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strength exercises selection n.
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Quality Activities (choice)

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  1. Strength Exercises(selection) Chapter 6

  2. Classification(popular?) • Isometric (static) • Dynamic (isotonic or isokinetic) • Concentric • Eccentric • Reversible (stretch shorten) • By muscle group • Specific or non-specific

  3. Figure 6.1

  4. Exercise Selection (Beginners) • Work trauma muscles (weak) • Large proximal muscles • Sport related movements • Full ROM movements • 3-year training age (pg 111)

  5. Exercise Selection (Athletes) • Specificity-defined how? • Sport related • Machines vs. free weights?

  6. Working Muscles • Same muscles worked as played • Palpation • DOMS • Biomechanical analysis • EMG • Type of resistance • Same as sport • Isotonic, isokinetic, hydraulic, elastic, pneumatic?

  7. RFD • ESD is based on time • Heavy resistance vs. explosive? • An increase in Fmm may not increase RFD • An increase in RFD may increase explosive

  8. Figure 6.4

  9. Velocity of Movement • Training the force/velocity curve • Velocity specificity? • Frequency (too high?)

  10. Figure 6.5

  11. Force/Posture Relations • Force changes with posture • Muscle-length changes? • Weakest point of strength (weak link)? • Three approaches to this problem

  12. Figure 6.6

  13. Figure 6.8

  14. 1. Peak-Contraction Principle • Increase strength in the weak points • Body position exercise relative to muscle-length • Special devices such as offset pivots • Slow beginning motion to decrease kinetic energy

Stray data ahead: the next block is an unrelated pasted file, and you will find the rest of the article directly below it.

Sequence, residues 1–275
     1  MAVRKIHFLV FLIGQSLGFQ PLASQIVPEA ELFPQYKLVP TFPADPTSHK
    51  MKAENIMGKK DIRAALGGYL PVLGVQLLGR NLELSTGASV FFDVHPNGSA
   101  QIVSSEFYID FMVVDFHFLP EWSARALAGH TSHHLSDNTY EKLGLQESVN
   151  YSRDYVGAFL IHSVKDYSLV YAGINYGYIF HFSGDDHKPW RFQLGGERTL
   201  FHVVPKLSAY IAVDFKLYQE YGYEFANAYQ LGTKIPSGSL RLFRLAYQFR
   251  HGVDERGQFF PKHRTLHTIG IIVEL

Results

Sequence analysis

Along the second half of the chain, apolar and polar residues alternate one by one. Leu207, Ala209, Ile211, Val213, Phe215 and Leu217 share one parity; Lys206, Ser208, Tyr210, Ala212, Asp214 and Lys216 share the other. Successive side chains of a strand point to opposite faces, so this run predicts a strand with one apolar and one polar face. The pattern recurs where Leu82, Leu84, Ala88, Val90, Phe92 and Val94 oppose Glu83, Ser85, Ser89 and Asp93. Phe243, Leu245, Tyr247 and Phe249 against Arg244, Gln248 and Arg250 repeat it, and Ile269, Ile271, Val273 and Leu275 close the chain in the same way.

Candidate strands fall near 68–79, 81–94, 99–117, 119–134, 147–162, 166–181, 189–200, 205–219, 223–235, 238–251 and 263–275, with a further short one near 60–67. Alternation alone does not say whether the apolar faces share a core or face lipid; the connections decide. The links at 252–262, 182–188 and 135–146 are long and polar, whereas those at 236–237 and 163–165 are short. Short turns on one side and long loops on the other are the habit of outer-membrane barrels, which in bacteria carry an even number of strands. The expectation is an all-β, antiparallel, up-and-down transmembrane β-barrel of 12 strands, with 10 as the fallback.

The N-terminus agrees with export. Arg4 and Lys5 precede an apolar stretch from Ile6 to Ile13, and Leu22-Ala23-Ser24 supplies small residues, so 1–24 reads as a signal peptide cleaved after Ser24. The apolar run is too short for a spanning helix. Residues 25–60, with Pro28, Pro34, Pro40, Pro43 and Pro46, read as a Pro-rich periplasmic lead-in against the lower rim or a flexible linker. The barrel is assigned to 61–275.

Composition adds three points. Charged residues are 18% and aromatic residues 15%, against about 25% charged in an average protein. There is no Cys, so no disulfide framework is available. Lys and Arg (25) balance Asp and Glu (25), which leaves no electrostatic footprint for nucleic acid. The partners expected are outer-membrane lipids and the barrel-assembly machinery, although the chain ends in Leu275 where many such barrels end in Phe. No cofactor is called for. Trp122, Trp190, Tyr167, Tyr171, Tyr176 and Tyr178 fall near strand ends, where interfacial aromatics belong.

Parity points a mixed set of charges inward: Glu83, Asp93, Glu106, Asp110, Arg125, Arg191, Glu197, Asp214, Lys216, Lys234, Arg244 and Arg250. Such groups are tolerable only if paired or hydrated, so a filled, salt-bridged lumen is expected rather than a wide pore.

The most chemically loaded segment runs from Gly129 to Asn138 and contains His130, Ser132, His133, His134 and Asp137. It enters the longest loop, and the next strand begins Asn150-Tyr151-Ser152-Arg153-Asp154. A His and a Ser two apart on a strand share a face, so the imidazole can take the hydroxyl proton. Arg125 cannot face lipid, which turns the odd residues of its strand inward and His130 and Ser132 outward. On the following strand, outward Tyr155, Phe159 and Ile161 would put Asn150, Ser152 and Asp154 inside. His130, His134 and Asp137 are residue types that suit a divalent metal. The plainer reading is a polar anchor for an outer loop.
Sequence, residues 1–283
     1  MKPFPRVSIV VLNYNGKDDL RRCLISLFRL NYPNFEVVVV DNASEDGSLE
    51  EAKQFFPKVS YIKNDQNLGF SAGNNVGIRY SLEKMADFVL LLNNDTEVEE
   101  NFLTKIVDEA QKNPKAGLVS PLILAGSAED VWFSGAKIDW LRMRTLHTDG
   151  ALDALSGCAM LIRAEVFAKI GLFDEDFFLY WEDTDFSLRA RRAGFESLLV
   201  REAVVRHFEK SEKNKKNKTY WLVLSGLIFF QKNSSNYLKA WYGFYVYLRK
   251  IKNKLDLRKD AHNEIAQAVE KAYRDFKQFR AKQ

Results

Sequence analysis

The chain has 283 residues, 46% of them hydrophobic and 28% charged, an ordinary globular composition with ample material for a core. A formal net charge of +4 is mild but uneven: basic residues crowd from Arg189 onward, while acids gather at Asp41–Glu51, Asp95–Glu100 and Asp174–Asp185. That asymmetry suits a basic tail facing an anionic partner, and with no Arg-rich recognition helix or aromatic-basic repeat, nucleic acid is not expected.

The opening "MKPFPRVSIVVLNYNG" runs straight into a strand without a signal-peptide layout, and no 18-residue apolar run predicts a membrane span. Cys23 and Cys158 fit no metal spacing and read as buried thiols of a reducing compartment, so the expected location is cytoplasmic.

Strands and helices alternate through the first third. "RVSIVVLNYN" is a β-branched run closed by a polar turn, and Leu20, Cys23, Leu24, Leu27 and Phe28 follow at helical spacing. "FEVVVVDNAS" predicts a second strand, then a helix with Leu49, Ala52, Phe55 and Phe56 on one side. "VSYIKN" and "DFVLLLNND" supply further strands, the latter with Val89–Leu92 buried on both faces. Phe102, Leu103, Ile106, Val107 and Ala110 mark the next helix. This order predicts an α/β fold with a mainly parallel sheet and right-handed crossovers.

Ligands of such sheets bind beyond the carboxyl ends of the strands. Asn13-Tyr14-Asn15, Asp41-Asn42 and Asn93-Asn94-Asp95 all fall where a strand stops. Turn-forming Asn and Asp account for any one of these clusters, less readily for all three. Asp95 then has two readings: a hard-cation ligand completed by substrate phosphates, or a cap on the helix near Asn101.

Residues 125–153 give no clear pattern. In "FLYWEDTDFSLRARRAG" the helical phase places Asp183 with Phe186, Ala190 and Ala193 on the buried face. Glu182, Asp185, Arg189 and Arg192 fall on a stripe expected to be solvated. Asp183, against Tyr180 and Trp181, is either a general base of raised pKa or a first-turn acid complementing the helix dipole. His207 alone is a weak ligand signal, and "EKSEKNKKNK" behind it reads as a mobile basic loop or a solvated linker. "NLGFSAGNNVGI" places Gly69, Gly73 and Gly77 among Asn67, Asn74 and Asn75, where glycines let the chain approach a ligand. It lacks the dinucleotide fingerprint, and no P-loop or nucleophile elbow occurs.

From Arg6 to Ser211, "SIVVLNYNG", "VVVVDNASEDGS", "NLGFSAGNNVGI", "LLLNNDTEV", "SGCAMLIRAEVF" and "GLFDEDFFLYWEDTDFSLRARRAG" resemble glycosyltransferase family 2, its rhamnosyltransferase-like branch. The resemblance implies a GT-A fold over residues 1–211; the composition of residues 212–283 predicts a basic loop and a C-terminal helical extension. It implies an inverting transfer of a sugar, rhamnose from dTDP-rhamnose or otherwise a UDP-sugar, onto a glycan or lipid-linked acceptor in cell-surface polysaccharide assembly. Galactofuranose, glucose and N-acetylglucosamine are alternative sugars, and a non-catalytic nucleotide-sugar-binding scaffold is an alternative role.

15. Figure 6.9

  16. Figure 6.10

  17. 2. Accommodating Resistance • Max tension throughout the ROM • Genesis in 19th century gymnastics • Isokinetics – constant velocity • Nautilus cam – vary lever arm • Chains – adjust for ROM • Hydraulics – resistance by velocity • Advantages and disadvantages?

  18. 3. Accentuation • Train in the specific ROM • ROM is quite small for max force production • Examples?

  19. Figure 6.12

  20. Isometrics • Lack specificity • Angle transfer? • Force is high so pain is high (inhibition) • Rule of 10’s (10s, 10rest, 10degrees) • Increase BP and HR

  21. Yielding • Eccentrics • DOMS inducing • Muscle damage or ischemia • Can be trained out • Very high forces? • Not SSC exercises. • Not immediate • Landing exercises

  22. Figure 6.13

  23. Reversible • Plyometrics? • Drop jumping (immediate) • Inhibition of GTO • Potentiation • Timing • Injury may be greater? (safety) • After foundation • 1-2 mesocycles • Train each week or two • Individual intensity • Vary mass or velocity

  24. Figure 6.15

  25. Speed-Resistance • Uphill running • Resistance against direction • Resistance should maintain technique • Parachute running • Weight vests for running? • Change size of chute? • Biomechanics may be altered! • Overspeed/assistance

  26. Experimental Methods • EMS – activate fast twitch • EMS “in addition to” NOT “instead of” • Muscles trained but not neural • Russian stim – 50hz, 10s, 50 rest • Vibration – tiny oscillations • Exercise on the platform or just stand still • May enhance SSC?

  27. Breathing • Valsalva maneuver – closed glottis • Increase in HR and BP • Stroke volume and cardiac output cease • Brain anemia • Safety • Short periods only • Few exercises • Take half breath • Forced expiration • Never for beginners • Inhale during eccentric and exhale during concentric

  28. Next Class • Review of project and Guest Lecturers. • Tonight power lab